This album, presently formatted into two albums of six leaves each, is reportedly half of a twenty-four-leaf album that was discovered shortly before the Umezawa Gallery acquired its twelve leaves. Why, and by whom, the album was divided is not discussed by the authors of the 1970 catalogue in which the album was introduced. Each of the leaves is signed with the hokkyo title Korin received from the court in 1701, so the works must date no earlier than that year. The wide variety of subjects and approaches suggests a conscious display of technical and aesthetic prowess, perhaps a celebration of his new status by a still youthful and most creative and experimental artist.
Ogata Korin (1658-1716) and his younger brother, the potter Ogata Kenzan (1663-1743), were born in Kyoto, sons of the wealthy merchant Ogata Soken, who had a taste for the arts. The Ogata family trade was designing and selling fine textiles, and their shop, the Karigane-ya, catered to the most elegant and aristocratic women in the city. Soken was a calligrapher of note, working in the style of Koetsu (1558-1637), as well as a textile designer and patron of the No theater. The family connection with Koetsu was close; Soken’s grandfather, Ogata Dohaku, had married Koetsu’s sister, and the Ogata family maintained a house in the colony for artists founded by Koetsu at Takagamine in Kyoto. Soken’s father, Sohaku, built the success and fame of the shop through service to such high-ranking clients as the Lady Tofuku-mon-in, daughter of the Shogun and consort of the Emperor.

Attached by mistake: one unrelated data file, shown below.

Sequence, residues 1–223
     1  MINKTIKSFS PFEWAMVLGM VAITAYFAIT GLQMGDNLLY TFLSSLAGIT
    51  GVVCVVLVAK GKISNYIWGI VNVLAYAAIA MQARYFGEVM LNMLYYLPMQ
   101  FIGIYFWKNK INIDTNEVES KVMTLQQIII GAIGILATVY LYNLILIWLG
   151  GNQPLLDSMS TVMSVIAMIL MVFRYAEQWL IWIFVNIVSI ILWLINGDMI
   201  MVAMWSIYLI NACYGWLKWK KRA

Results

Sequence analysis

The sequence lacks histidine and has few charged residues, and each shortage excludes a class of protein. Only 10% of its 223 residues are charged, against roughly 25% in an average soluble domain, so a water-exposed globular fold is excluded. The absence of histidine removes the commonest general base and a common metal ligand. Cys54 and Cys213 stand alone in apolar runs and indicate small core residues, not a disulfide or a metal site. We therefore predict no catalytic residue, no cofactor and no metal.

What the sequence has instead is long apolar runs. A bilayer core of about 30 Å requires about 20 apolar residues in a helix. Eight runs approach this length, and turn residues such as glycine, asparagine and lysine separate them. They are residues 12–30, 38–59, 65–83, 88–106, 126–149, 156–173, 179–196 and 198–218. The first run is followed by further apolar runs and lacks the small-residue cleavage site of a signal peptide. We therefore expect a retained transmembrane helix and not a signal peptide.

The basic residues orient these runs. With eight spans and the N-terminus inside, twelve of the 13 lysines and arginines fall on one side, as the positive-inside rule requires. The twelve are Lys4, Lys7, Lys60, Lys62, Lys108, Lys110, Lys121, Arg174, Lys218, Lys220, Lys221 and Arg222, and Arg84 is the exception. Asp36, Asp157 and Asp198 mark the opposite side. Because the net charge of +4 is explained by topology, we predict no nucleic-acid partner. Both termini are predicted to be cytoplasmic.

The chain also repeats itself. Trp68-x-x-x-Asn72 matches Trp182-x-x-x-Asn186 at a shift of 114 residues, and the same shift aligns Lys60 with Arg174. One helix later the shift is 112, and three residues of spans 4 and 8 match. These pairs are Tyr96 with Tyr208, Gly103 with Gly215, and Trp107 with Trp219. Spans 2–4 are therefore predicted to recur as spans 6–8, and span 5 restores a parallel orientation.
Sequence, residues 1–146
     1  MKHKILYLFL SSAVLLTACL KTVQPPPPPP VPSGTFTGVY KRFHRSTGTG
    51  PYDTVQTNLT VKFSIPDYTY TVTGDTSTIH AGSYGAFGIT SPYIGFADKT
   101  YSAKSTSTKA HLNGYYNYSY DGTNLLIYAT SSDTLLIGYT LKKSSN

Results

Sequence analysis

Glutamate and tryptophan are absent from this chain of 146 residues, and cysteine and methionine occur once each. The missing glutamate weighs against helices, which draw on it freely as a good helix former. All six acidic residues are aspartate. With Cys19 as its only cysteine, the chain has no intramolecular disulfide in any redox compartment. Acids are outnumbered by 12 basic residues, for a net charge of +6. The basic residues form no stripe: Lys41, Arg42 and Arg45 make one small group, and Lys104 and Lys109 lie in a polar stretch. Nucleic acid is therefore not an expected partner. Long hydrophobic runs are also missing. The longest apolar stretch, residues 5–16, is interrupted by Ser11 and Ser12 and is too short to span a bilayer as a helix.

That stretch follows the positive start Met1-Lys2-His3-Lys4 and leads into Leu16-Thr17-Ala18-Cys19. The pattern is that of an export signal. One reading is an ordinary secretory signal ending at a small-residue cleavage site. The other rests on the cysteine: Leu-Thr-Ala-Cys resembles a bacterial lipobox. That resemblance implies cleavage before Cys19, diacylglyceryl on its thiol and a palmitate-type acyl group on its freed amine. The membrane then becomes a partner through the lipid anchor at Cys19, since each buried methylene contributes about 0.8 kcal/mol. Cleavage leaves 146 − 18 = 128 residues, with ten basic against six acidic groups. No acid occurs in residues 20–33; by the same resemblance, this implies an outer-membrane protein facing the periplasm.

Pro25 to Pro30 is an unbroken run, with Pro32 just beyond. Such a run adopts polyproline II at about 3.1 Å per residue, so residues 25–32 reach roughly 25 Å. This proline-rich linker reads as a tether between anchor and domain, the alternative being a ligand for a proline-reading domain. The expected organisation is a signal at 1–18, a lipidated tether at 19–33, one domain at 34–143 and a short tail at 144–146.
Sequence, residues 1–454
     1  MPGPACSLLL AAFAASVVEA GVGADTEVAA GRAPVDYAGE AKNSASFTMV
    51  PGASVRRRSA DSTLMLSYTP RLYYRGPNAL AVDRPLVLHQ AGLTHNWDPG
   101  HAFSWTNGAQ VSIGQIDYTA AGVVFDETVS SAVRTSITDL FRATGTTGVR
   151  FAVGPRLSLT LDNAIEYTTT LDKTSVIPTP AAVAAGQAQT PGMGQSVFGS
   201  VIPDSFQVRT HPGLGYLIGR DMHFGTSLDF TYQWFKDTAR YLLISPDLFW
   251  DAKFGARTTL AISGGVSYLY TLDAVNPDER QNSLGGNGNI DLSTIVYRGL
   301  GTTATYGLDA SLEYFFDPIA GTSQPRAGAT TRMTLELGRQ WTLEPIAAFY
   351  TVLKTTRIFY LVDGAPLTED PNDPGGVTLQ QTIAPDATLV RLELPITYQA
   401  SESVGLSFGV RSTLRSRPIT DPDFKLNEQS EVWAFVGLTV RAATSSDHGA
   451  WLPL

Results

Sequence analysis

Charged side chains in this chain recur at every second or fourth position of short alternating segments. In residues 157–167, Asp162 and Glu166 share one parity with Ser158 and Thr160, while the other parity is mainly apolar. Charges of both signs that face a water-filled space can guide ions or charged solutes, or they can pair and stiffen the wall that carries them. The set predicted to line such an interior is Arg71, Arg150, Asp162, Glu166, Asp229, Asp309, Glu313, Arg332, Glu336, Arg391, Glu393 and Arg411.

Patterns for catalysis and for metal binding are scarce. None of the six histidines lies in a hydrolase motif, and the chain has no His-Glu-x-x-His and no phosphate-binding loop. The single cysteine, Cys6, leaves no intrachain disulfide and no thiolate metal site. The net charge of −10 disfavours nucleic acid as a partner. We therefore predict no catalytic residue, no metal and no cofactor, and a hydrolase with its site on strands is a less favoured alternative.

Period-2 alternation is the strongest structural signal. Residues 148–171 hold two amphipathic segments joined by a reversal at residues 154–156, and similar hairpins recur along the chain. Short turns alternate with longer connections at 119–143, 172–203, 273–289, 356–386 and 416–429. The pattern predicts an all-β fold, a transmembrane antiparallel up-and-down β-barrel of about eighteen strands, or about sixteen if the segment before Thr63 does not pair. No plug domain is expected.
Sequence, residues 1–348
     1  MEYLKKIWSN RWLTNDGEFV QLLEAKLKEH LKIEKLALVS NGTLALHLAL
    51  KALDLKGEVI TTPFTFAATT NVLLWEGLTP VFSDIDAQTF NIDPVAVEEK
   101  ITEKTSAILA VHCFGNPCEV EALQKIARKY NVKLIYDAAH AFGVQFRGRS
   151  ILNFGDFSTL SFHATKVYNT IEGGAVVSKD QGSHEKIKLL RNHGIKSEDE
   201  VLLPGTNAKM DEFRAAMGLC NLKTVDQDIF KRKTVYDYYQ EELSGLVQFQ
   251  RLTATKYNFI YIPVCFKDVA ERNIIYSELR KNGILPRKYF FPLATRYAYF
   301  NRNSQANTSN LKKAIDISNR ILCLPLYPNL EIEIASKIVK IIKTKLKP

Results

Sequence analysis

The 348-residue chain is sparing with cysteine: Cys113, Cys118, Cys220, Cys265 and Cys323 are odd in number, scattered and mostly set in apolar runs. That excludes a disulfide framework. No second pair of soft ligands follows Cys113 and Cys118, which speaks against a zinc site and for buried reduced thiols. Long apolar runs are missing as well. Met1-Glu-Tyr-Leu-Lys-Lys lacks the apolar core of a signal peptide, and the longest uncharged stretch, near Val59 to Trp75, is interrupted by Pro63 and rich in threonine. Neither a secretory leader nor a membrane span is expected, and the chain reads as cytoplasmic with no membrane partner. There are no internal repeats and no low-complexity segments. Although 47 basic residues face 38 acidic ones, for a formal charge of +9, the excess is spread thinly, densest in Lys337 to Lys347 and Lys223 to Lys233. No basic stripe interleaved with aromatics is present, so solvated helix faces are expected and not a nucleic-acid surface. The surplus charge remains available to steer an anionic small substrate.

Korin was the second son of Soken, and Kenzan the third, born five years later. In the formulation of John Rosenfield, the two brothers were like the proverbial ant and grasshopper, differing radically in temperament. Korin had been trained in textile design and in the Kano style of painting. He was clearly a youth of the highest degree of talent and promise, but apparently dissipated his talent in a taste for Kyoto high life. His father had died in 1687, leaving a generous inheritance, but he squandered this, and through his lack of concern for business, the Karigane-ya went into bankruptcy.
Studying first with Yamamoto Soken (active ca.1683-1706), then under Kano Tsunenobu (1636-1713) and Sumiyoshi Gukei (1631-1705), Korin used Koetsu and, especially, Tawaraya Sotatsu (?-1643?) as his main sources of stylistic inspiration. In 1701 he was granted honorary ecclesiastical rank as hokkyo (‘Bridge of the Law’), the highest honor that was accorded to lay artists. The present album demonstrates the immense talents of this artist, who worked with great originality (even when following Sotatsu, for example, in leaf 6 with the ox-herder) in combining acute observation of natural forms with abstract designs to create compositions of great and immediate expressive force.
1. Umezawa Gallery: Rimpa, 1970, catalogue entry 16.
2. John Rosenfield and Shujiro Shimada : Traditions of Japanese Art, Cambridge, 1970, p. 273.